Saturday, 10 March 2007

Timewave Zero

Their studies began with the I Ching, which is composed of 64 hexagrams, or six-line figures. It struck them that 6 x 64 = 384, which is exceptionally close to the number of days in 13 lunar months (29.5306 x 13 = 383.8978), and that maybe the I Ching was originally an ancient Chinese calendar.

The McKenna brothers arrived at the 2012 end date by using fractals. Starting from a table of differences between one hexagram and the next, they developed a Mandelbrot fractal in which each level is 64 times greater then the one below it. They then laid this fractal pattern on top of a time scale. The peaks and troughs of the pattern relate to the level of connectedness or novelty in any span of time, whether it covers a day, millennia or even since the beginning of time. By matching the levels of the pattern with key periods in history, they determined it would fit best if the end of the time scale was December 21, 2012. This is the only point in which the level of novelty reaches its maximum, and everything that happens is new.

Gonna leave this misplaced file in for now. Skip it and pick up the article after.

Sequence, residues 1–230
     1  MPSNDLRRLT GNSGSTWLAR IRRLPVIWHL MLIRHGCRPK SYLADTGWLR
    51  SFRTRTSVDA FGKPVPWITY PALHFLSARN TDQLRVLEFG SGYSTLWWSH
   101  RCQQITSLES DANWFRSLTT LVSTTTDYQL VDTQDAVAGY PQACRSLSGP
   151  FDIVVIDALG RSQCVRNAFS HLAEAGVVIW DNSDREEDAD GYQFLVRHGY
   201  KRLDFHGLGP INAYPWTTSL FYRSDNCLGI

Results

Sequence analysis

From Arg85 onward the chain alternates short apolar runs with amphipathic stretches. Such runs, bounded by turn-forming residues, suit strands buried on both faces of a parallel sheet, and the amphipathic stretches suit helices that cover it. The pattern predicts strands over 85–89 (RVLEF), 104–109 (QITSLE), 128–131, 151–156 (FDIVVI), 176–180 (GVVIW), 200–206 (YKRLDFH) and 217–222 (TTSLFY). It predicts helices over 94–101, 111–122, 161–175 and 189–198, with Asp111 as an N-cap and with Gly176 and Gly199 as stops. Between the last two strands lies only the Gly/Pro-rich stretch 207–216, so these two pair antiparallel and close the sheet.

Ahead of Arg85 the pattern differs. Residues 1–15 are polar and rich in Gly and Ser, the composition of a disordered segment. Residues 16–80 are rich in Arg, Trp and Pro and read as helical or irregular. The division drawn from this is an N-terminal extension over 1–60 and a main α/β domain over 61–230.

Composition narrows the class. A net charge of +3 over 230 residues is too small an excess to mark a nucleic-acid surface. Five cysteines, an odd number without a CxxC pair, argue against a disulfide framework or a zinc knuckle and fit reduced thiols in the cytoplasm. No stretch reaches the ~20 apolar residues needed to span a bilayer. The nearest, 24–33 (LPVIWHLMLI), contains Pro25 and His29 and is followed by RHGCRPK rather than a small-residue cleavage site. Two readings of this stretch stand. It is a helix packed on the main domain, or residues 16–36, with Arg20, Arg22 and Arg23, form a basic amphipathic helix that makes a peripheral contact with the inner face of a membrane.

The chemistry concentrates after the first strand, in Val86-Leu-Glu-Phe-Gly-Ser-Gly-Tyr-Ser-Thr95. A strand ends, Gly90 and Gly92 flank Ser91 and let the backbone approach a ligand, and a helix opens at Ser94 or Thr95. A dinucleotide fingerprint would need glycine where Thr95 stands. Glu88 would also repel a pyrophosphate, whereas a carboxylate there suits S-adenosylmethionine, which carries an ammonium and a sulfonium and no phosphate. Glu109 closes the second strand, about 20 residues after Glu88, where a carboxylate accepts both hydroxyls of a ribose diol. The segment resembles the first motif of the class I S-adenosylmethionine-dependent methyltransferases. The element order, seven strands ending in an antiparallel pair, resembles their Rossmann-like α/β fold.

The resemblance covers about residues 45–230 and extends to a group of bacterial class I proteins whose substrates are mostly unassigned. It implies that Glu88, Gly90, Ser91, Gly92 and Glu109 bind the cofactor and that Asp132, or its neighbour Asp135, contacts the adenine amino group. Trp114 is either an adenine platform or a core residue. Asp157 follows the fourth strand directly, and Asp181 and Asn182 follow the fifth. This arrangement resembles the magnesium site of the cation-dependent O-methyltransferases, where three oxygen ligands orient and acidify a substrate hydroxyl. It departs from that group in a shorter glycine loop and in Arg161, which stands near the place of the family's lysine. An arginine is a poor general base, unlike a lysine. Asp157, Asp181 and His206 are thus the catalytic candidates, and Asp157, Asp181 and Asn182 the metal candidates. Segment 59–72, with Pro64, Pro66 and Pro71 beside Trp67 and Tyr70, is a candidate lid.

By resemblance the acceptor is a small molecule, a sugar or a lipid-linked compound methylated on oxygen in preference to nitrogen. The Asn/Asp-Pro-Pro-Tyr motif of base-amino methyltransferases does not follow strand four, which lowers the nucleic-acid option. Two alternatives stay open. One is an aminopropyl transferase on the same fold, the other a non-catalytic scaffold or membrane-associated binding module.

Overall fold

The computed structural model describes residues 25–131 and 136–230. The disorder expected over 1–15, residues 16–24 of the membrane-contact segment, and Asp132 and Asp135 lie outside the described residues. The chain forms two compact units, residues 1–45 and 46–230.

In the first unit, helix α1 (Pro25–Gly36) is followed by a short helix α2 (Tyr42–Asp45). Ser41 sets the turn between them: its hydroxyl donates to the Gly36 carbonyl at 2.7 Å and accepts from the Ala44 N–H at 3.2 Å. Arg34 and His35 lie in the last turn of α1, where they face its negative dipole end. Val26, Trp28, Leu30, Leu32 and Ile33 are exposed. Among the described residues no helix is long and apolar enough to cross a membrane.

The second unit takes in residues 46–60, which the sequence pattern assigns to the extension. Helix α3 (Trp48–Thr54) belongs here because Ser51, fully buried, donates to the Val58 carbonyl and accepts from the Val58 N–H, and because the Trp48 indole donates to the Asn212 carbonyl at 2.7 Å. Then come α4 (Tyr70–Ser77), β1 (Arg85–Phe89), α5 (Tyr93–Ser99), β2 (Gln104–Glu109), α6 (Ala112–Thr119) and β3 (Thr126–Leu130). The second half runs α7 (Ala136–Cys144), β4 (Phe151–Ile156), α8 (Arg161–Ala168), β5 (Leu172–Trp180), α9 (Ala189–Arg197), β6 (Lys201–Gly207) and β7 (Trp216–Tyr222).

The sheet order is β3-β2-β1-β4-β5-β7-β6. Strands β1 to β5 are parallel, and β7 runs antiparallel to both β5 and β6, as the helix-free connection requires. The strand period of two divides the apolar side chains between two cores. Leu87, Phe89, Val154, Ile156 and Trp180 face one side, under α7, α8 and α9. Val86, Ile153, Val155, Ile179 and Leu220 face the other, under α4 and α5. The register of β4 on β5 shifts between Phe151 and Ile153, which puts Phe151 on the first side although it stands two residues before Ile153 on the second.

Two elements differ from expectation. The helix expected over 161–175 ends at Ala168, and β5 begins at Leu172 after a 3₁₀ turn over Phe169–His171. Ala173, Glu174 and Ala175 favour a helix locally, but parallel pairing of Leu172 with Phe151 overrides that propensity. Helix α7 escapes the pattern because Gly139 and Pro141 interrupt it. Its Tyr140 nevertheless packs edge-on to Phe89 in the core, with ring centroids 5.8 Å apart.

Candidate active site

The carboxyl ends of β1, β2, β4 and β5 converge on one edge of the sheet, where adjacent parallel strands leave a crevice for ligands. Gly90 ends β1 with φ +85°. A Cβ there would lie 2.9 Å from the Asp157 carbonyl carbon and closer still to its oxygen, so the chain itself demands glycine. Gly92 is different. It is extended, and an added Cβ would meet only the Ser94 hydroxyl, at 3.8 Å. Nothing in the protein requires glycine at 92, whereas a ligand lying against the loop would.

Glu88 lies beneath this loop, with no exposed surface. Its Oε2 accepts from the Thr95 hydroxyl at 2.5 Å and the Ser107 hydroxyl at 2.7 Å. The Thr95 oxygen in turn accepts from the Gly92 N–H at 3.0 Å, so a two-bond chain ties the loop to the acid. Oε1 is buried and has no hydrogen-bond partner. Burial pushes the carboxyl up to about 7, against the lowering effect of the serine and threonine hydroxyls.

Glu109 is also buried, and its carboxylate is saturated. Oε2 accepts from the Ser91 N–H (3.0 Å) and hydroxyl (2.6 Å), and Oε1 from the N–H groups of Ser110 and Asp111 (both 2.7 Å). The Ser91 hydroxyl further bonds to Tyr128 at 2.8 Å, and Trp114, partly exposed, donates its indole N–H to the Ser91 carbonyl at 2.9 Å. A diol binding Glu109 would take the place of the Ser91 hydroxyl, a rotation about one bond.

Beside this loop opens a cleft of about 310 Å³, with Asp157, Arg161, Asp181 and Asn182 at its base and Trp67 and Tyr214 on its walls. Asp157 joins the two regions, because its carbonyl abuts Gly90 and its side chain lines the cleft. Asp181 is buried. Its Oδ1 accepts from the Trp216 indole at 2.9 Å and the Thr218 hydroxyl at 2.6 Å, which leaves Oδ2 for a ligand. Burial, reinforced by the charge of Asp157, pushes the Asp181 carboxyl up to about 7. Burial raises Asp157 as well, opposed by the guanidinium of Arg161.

On top of all this they state that they calculated the 2012 end date in the early 1970’s, long before they had heard of the Mayan calendar. And to their credit, the original 1975 edition of The Invisible Landscape makes no mention of the Maya. If this is true, then it would be prudent to consider their result as much more than a coincidence, and to take their ideas seriously.

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